The story’s hero is “a gentle bear of a man” named Frank who owns a run-down music shop on a back street in England. His establishment is something between an old-fashioned record store and a walk-in therapy clinic. “For the Music You Need!!!” blares a handwritten poster in the window. “Everyone Welcome!!” Inside are two listening booths made from Victorian wardrobes. Thousands of albums are arranged according to Frank’s private order, but you’ll want to file this book right between Nick Hornby’s High Fidelity and Michael Chabon’s Telegraph Avenue.
The year is 1988, and CDs are pushing vinyl into oblivion, but Frank won’t abide the antiseptic sound of those shiny little disks. “We Only Sell VINYL!” the store window makes clear. “CDs aren’t music,” Frank says. “They’re toys.” His attitude is not just aggressive nostalgia (although it is that, too), it’s a determination to hold onto a way of life, a way of engaging with objects and people. “We need lovely things we can see and hold,” he tells an incredulous CD salesman. “Yes, vinyl can be a pain. It’s not convenient. It gets scratched. But that’s the point. We are acknowledging the importance of music and beauty in our lives. You don’t get that if you’re not prepared to make an effort.”
Frank’s specialty is finding just the right song to lift your spirits, quell your anxiety or exorcise an annoying earworm. No algorithms or best-selling charts for him. “If you told Frank the kind of thing you wanted, or simply how you felt that day, he had the right track in minutes,” Joyce writes. “It was a knack he had. A gift.” For a man left at the altar on his wedding day, Frank plays Aretha Franklin’s “Oh No Not My Baby.” To the frustrated mother of a sleepless infant, Frank prescribes the Troggs’s “Wild Thing.” When a shoplifter dashes off with “Invisible Touch” by Genesis, Frank chases him down and makes him listen to “Fingal’s Cave” by Mendelssohn.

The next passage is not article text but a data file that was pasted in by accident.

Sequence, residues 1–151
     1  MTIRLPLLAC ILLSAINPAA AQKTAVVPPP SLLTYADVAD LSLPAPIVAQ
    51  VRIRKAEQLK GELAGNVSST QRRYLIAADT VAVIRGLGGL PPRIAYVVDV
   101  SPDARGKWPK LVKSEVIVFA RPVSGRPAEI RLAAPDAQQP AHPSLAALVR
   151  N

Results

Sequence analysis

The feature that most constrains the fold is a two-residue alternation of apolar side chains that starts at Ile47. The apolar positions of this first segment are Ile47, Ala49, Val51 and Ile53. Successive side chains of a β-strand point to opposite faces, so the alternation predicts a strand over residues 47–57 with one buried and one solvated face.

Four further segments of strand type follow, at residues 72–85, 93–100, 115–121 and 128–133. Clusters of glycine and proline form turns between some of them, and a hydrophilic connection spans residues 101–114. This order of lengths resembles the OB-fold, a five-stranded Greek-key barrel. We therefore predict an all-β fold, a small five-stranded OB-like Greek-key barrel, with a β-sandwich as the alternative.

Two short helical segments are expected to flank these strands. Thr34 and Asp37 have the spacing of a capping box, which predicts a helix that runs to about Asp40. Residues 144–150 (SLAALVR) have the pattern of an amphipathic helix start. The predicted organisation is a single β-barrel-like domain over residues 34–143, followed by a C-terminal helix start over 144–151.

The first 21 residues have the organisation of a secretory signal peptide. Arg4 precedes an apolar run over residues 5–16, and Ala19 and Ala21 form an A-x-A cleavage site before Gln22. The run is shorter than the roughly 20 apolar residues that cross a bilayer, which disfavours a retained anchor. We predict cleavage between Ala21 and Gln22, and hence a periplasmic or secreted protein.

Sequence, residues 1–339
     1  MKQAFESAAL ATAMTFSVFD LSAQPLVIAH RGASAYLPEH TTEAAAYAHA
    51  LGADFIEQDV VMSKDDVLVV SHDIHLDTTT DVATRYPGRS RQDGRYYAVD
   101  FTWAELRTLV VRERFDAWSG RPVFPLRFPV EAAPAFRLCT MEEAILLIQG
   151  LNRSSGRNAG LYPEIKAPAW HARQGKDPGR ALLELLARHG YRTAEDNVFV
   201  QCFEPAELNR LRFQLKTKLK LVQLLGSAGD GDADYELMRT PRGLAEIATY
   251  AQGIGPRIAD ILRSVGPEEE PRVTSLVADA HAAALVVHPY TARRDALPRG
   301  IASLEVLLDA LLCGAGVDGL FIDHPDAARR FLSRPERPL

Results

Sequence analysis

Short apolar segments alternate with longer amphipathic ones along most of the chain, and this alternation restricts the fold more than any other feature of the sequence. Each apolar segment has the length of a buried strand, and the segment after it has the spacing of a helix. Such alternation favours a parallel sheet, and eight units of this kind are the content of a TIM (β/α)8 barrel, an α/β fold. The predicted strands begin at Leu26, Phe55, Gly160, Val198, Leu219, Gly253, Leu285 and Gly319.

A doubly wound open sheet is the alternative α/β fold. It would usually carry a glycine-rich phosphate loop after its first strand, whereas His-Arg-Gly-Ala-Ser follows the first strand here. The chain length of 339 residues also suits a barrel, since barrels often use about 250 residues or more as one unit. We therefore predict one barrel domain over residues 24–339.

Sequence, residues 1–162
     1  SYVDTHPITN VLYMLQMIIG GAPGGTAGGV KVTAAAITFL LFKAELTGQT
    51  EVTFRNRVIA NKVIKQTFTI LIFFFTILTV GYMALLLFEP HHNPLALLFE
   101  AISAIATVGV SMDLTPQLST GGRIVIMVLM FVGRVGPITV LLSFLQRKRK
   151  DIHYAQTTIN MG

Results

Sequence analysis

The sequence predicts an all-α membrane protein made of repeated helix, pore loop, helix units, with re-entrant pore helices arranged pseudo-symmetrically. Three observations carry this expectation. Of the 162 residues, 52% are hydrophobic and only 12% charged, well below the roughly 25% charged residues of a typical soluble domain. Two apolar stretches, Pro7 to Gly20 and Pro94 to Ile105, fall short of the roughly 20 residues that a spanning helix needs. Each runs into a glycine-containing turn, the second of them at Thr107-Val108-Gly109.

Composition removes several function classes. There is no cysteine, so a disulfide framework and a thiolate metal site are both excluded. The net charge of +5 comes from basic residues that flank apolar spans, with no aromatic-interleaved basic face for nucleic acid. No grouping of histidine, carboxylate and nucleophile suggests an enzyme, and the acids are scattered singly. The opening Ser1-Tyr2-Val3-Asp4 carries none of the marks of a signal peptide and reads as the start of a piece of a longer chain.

Peace restored. Humanity uplifted.
Joyce populates Frank’s store with an adorable crew of fellow misfits. There’s a gruff tattoo artist, twin undertakers, a retired priest and an earnest clerk who dreams of someday wearing a name tag. (“He had a way of talking in exclamation points, suggesting everything was a marvelous surprise.”) Together, they serve as Frank’s cautious advisers and devoted fans as he carries on his crusade to save a failing neighborhood and a vanishing musical format. “When a man has the passion to stand up for something crazy,” Joyce writes, “it makes other problems in people’s lives seem more straightforward.”
But there’s a bass line of unhappiness running deep in Frank’s spirit. His boundless empathy, his devotion to helping everyone else allows him to ignore his own festering grief and loneliness. “Frank was very much a single man,” Joyce writes. The shop is all he needs. “It was safer to stay uninvolved.”
Given the general melody of romantic comedy, you can probably guess how this tune develops, but there’s real delight in hearing variations on a classic form.
One day a young woman faints outside Frank’s shop. She recovers quickly and darts away but not before inspiring a number of questions among Frank’s friends. She was wearing a green coat; is she a doctor? Her coat had no holes in it; is she a movie star? And what about that German accent?
Frank can barely hear them. He’s smitten: Hallelujah!
The B side follows the pauses and swells of the improbable relationship between two people who had assumed they were done with love. Both Frank and his mystery woman harbor disappointments too agonizing to face, but if vinyl can make a comeback, so can they. “Real love was a journey with many pitfalls and complications,” Joyce writes. “. . . Sometimes the place you ended up was not the one you hoped for.”
If you’ve read Joyce’s best-selling debut novel, “The Unlikely Pilgrimage of Harold Fry,” you already know her irresistible tone. There’s suffering here, too, and a searching journey, but this is a lighter book than “Harold Fry.” It’s a story that captures the sheer, transformative joy of romance — “a ballooning of happiness.” Joyce’s understated humor around these odd folks offers something like the pleasure of A.A. Milne for adults. She has a kind of sweetness that’s never saccharine, a kind of simplicity that’s never simplistic. Yes, the ending is wildly improbable and hilariously predictable, but I wouldn’t change a single note.
Rachel Joyce, if music be the food of love, write on!